Restoring abandoned railway lines is among key solutions to secure the future of the industry given the pandemic-driven decrease in commuting, according to Network Rail chief executive Andrew Haines.
Haines told the Railways Industry Association (RIA) Innovation Conference that the industry “won’t be able to rely on being bankrolled by commuters” in a post Covid world.
Going forward, he said it will be necessary to be a “welcoming” and “reliable” railway that minimises disruption and encourages travel. He also emphasised the need to come up with affordable solutions.
“We have a prime minister who really wants to invest and who believes in Beeching line reopenings," Haines said. "He is on our case week after week about the Northumberland line and Okehampton line because these are passionate commitments.
“The government is also interested in them being affordable not because they want to spend less money but because they want more things to do. That is fundamental. There’s no point talking about big plans unless we can talk about big efficiencies as well.”
Last month the Department for Transport (DfT) revealed the 85 rail schemes competing for investment under the third and final round of the Restoring Your Railway ideas fund, with successful proposals to be awarded up to £50,000 each to progress plans to reinstate stations and restore passenger services closed during the 1960s Beeching cuts.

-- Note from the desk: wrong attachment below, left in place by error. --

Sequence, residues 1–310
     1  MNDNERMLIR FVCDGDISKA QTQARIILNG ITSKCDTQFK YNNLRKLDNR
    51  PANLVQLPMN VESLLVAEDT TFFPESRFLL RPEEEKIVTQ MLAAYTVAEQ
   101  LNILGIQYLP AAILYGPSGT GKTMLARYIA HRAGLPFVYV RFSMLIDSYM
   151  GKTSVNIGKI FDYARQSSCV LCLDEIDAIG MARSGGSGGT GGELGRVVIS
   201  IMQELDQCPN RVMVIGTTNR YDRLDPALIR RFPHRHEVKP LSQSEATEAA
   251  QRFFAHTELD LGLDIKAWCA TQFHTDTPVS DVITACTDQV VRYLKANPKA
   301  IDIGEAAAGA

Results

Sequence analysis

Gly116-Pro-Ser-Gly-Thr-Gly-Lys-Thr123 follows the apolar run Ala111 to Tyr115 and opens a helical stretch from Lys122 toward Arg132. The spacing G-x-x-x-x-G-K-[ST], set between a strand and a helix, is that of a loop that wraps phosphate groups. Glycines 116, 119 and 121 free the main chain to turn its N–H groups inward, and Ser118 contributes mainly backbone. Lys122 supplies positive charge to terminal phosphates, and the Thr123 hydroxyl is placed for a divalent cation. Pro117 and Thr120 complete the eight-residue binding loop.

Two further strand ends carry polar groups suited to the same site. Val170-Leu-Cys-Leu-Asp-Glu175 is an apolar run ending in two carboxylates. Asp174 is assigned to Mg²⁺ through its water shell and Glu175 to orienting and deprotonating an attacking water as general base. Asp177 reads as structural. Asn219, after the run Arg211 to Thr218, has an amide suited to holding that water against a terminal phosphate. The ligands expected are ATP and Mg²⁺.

In the last funding round, backers of 15 proposals were awarded cash to develop their business cases. Ten schemes won backing in the first round.
Meanwhile, services are expected to restart later this year on the Dartmoor line between Exeter and Okehampton, the first project to see services resume under the government fund.
At the RIA Innovation Conference, Haines emphasised that tapping into the leisure travel market could also have a role to play in sustaining the railway long-term. However he said passengers need an "end to end service".
“So often when I look at where I want to go at the weekend it’s great if I’m happy to walk three miles from the railway station to the place of historic interest or walk but that’s not viable for a lot of people," he said.
Network Rail will also consider when it undertakes maintenance work to perhaps facilitate more leisure travel, with a large amount of renewals currently taking place over weekends and bank holidays.
Haines explained: “We’ve got to look at where and how we work. We’re looking radically at the August bank holiday weekend to see if we can guarantee that some of the main flows to holiday destinations will be open and we haven’t disrupted people then because that’s how the railway would always have done it.
"And technology can help us there to do in two days work that we always insist on doing over a bank holiday.”
Overall, Haines said he is "a huge believer in the power of the railway to drive economic growth and prosperity".
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